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The Italian Reformation of the Sixteenth Century and the Diffusion of Renaissance Culture: A Bibliography of the Secondary Literature (Ca. 1750-1997). (Reviews).

John Tedeschi, compiler, in association with James M. Lattis. The Italian Reformation of the Sixteenth Century and the Diffusion of Renaissance Culture: A Bibliography of the Secondary Literature (Ca. 1750-1997).

Historiographical Introduction by Massimo Firpo. (Istituto di Studi Rinascimentali Ferrara. Strumenti.) Ferrara: Franco Cosimo Panini Editore, 2000. lxiii + 1047 pp. $134. No ISBN.

The publication of this long-awaited and massive bibliography is an event to be celebrated by all students of the Italian Renaissance. It is an enormous labor that gives eloquent testimony to the place occupied by Italian thinkers in sixteenth-century European religious and intellectual history. Massimo Firpo, a leading Italian historian of the period, has written what is modestly billed as an "Historiographical Introduction" to the volume. In reality it is a dense and authoritative short discussion of the scholarship on the Italian Reformation since the sixteenth century. For American readers the subsection devoted to Delio Cantimori will be particularly useful. It constitutes an introduction to the work and the complicated intellectual milieu of the most famous Italian scholar in the field, whose studies are still the point of departure for all who are interested in the thought of Italian religious dissenters during the Reformation era.

The volume consists of 6429 entries and includes works of two and a half centuries - a monumental achievement even for a superb bibliographer like Dr. Tedeschi. He organized this immense information tightly, with many cross-references at the end of each section so that researchers can easily find their way through the book. Beginning with a listing of printed sources, the volume proceeds to sections devoted respectively to general studies, personages, places, theological and intellectual currents, and finally special topics.

The section on personages is the longest, comprising well over four-hundred pages. No Italian heretic (in Cantimori's sense of the term) fails to receive an entry. Here we have a veritable pantheon of people associated with reform currents of all kinds, from so-called spirituali to adherents of the teachings of Juan de Valdes, members of Cardinal Pole's circle, philo-Protestants, converts to Protestantism, Anabaptists, Socinians, and last but not least, Italian exiles to northern Europe. Lest this seem a mere list of names and titles of books and articles, let me stress that it is more like a course in the history of Italian reform. Dr. Tedeschi here, as throughout the volume, not only included bibliographical data but also, for most items, his short descriptions of the work listed. These descriptions function as valuable guides for the reader. At times they are veritable mini-essays that put a given work in perspective, offer judgment on its quality and theses, or add references to related works and to revi ews. Such annotations are the fruit of a lifetime of reading and reflection, and their value cannot be overstated. This is the only bibliography, in my experience, that invites careful and slow reading and study rather than being only a tool for finding given topics or authors. It breathes a deeply personal relation of the compiler and his chosen subject, and shows his unique knowledge of the field.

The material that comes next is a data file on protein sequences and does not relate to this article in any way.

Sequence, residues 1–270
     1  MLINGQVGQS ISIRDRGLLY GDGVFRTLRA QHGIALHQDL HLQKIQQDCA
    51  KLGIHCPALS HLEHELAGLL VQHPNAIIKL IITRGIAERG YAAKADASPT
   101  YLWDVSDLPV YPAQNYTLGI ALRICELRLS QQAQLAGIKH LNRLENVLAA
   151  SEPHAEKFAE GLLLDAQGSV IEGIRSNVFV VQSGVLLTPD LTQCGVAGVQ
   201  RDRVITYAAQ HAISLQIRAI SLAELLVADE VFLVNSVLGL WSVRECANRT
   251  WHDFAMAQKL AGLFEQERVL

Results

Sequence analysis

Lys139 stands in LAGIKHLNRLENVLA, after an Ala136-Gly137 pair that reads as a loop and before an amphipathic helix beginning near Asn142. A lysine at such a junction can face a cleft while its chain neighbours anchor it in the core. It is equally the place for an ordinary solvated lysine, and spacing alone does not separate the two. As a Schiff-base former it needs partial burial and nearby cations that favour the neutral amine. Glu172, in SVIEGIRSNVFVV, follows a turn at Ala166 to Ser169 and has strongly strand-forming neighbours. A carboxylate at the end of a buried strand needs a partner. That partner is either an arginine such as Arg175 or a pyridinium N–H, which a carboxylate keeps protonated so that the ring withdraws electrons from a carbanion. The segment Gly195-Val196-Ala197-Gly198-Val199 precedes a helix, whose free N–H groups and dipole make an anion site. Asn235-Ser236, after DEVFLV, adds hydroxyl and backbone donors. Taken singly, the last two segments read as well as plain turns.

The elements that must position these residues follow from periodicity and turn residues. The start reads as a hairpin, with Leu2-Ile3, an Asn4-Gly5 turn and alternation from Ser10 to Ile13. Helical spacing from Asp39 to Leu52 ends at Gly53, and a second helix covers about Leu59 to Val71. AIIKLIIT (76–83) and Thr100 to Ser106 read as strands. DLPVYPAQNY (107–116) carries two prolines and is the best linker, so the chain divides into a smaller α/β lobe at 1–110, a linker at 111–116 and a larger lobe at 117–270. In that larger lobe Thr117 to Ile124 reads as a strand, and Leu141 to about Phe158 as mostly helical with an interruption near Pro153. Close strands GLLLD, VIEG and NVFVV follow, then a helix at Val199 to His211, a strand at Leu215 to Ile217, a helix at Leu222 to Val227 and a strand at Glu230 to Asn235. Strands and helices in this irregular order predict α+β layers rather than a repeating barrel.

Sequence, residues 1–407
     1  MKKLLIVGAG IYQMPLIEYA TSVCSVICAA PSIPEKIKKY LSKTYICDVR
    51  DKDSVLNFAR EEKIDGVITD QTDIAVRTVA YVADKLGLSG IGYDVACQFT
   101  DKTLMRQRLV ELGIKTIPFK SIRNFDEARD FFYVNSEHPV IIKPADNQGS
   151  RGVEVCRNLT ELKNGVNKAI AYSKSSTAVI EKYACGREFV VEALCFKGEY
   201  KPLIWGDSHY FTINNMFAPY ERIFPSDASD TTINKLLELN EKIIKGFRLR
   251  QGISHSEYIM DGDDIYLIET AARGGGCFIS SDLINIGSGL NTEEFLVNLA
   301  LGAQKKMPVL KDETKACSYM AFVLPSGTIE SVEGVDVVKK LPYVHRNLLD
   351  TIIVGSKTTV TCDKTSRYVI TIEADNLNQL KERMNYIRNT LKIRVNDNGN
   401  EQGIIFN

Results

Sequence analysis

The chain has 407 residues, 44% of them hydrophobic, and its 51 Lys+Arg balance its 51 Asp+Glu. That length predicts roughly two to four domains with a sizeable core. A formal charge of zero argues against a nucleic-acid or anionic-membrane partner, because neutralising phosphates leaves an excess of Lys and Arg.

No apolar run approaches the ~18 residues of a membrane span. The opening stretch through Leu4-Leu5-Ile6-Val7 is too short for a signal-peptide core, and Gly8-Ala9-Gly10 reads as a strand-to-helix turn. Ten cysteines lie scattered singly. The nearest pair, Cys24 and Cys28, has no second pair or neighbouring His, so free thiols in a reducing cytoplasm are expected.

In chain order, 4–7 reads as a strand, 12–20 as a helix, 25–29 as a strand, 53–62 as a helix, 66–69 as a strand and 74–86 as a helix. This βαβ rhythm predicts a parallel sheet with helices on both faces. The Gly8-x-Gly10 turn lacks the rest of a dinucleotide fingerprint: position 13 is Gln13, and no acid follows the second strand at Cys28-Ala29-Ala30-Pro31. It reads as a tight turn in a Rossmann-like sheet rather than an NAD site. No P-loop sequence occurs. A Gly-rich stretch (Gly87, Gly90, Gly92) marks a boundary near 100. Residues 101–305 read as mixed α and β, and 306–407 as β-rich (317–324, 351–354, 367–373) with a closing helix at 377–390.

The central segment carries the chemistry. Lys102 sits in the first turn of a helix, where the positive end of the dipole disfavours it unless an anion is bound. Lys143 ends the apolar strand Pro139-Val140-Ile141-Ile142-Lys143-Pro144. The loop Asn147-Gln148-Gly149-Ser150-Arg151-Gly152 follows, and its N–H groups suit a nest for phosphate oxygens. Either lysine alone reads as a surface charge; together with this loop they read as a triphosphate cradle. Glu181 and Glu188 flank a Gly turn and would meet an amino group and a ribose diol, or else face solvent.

The section on places includes, above all, the Italian towns and cities in which reformers lived, and then localities abroad to which they fled. The largest number of entries in the second group concerns Swiss cities, especially Basel and Geneva. But beyond works on these predictable places, we find studies on almost all of Europe. Italy's smaller neighbors like Slovenia and Croatia are included, and even four contributions on North America appear. Their author, Giorgio Spini, studied the influence of Italian exiles like Vermigli on Puritan divines.

The last two sections of the volume are devoted to religious and cultural topics. Particular attention is given to works on Italian Anabaprism and Socinianism. But Dr. Tedeschi also includes many references to more "mainline" studies of the influence of Erasmus, Luther, and Calvin on Italy. The most important treatise of Italian Reformation thought, the Beneficio di Cristo, has a subsection to itself. Given its importance, the literature devoted to it is vast, and for students it is most useful to find the bibliography in one place. The same is true for works on the Inquisition.

The last topic in the volume is the toleration controversy, the compiler's interest of longstanding. Together with the ideas and culture of Renaissance Italy, many of the exiles also brought their irenicism and pleas for religious toleration to Northern Europe. It is surprising that relatively few recent works deal with this topic that has acquired new urgency.

Dr. Tedeschi's contribution is a most valuable addition to the library of every scholar of the Renaissance. Given current book-prices, its cost is reasonable. But that matter aside, it deserves our deep gratitude, and will remain a standard reference work for a long time.
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Author:Gleason, Elisabeth G.
Publication:Renaissance Quarterly
Article Type:Book Review
Date:Mar 22, 2002
Words:795
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